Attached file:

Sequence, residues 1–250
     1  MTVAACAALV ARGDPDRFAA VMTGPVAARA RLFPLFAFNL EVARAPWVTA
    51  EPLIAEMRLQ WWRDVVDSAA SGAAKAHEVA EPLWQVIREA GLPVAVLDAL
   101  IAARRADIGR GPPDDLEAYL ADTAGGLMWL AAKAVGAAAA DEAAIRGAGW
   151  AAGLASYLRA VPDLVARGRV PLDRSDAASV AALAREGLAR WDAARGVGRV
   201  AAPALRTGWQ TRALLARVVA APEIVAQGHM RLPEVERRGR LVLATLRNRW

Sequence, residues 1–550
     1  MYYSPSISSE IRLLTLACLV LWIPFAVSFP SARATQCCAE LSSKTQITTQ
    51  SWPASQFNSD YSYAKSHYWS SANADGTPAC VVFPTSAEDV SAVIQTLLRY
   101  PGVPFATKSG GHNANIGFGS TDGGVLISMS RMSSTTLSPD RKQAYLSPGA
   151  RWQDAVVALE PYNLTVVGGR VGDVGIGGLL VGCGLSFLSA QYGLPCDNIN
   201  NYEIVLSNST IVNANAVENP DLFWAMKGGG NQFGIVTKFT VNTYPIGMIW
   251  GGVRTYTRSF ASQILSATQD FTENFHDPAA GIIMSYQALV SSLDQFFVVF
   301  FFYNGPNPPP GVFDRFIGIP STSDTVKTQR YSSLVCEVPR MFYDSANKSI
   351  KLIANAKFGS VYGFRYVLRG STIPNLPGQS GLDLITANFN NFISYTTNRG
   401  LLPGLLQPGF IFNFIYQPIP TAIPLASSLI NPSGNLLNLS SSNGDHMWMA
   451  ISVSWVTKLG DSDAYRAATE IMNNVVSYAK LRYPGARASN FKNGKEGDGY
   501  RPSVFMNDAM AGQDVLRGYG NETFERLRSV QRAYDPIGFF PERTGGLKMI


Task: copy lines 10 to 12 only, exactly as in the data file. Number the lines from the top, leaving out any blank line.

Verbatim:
   101  PGVPFATKSG GHNANIGFGS TDGGVLISMS RMSSTTLSPD RKQAYLSPGA
   151  RWQDAVVALE PYNLTVVGGR VGDVGIGGLL VGCGLSFLSA QYGLPCDNIN
   201  NYEIVLSNST IVNANAVENP DLFWAMKGGG NQFGIVTKFT VNTYPIGMIW